Democrats want to see your photo ID

We’re used to Democrats saying one thing and doing another, but the hypocrisy that will unfold at some local presidential caucus sites Saturday will surprise even hardened cynics.

For decades, Democrats have stood against strengthening voter identification standards at polling sites. Modest identification reforms have been enacted in about half the states, with a handful of them requiring photo identification to prevent election fraud and uphold the integrity of balloting.

Although Americans need photo ID to write checks, use credit cards, board airplanes and even collect welfare benefits, Democrats have argued that lower-income and minority citizens are less likely to possess acceptable identification, and therefore more likely to be denied their right to vote.

The party and loyal special interests have spent millions of dollars on court challenges against photo ID laws, comparing them to poll taxes — even when governments issue photo identification free of charge. The U.S. Supreme Court heard arguments on the issue last week and could decide the constitutionality of photo identification laws once and for all.

But for Saturday’s much-anticipated caucus, the state party is poised to demand that Strip workers — many of them minority, low-income citizens — furnish ID to participate in the “at-large” sites set up near major hotels to accommodate them.

Neighborhood caucus sites will have the registration rolls for their precincts. But because registered Democrats from all corners of the county will be working on the Strip on Saturday, the state party must check at-large participants against a massive voter database. That requires identification — signatures alone won’t do. Some Strip workers will have no alternative but to provide photo identification.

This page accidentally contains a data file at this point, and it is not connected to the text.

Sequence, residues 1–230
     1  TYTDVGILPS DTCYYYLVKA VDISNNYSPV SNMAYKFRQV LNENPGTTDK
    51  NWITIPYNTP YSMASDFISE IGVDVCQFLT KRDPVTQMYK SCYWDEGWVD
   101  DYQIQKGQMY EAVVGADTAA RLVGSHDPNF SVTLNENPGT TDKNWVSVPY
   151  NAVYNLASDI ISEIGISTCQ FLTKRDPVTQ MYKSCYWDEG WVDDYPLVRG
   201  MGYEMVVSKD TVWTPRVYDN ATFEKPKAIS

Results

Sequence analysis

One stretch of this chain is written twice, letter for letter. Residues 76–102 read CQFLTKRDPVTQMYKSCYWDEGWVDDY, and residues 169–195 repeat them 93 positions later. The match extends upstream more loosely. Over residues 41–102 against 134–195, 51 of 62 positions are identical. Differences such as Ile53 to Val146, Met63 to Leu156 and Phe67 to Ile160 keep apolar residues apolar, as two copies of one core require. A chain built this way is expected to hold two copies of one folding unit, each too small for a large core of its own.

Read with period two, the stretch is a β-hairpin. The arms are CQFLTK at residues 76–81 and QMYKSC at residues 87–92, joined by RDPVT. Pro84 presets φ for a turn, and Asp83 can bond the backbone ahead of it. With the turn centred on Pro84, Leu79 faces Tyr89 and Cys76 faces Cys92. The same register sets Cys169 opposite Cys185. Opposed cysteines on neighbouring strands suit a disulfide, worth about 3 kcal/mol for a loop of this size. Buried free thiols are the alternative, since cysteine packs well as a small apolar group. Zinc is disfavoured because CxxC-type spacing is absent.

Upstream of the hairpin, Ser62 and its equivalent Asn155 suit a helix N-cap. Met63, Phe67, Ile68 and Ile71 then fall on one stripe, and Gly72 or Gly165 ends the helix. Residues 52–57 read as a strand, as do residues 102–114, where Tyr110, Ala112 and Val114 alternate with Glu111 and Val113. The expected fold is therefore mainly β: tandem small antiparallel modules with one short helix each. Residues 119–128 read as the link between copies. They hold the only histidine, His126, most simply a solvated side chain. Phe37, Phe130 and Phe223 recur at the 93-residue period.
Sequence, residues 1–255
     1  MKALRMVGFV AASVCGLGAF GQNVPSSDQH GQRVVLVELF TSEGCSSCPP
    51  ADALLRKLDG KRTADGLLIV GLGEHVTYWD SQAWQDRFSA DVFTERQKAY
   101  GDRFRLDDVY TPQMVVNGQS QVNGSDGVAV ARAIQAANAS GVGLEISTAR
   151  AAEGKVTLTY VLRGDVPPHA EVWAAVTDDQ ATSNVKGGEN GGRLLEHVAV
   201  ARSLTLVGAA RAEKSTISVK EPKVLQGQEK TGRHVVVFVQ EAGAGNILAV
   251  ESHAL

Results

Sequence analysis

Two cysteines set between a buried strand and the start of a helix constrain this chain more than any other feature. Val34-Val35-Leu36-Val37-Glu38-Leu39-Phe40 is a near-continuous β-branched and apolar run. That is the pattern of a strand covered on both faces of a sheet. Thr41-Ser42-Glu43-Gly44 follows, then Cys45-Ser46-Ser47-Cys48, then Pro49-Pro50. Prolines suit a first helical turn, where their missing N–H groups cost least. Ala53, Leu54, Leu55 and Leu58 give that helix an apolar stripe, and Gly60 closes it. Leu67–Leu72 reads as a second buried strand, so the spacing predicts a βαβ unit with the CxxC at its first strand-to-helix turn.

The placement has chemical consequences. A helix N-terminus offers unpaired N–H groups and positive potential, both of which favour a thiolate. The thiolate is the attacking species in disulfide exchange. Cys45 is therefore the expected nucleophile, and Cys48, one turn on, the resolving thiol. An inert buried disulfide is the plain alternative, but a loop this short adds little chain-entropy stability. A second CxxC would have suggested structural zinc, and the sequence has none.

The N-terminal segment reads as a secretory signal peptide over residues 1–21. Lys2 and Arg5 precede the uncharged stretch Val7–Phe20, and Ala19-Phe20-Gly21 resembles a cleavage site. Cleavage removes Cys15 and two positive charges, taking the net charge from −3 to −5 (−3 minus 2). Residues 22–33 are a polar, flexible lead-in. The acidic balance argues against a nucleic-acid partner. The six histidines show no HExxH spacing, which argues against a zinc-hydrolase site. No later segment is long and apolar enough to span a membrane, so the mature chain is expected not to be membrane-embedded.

The very inconvenience that supposedly disenfranchises voters is necessary to protect the validity of a party caucus, where people openly debate the merits and shortcomings of candidates for president?

It reminds us of last year’s Democratic efforts to impose the card-check system on union elections that would otherwise be decided by secret ballot. Party leaders insisted that having labor groups solicit and collect votes in person would not result in harassment and intimidation. Meanwhile, in congressional leadership elections, Democrats were so fearful of suffering political retribution for publicly revealing their allegiances that they voted in secret.

During tonight’s Democratic debate at Cashman Center, you might hear candidates call for energy independence … then rule out opening coastal areas and the Arctic National Wildlife Refuge for oil and gas exploration. You might hear candidates demand more affordable health care … then propose costly new regulations and government mandates. You might hear candidates command better job protections for workers and higher wages for the middle class … then advocate huge tax increases on the wealthy investors who provide capital and create jobs.

In its defense, the Democratic Party is a private organization that’s free to decide who can join and under what circumstances they can participate. But you can bet that when state party leaders celebrate the conclusion of this week’s caucus events, they’ll be having their cake and eating it, too.


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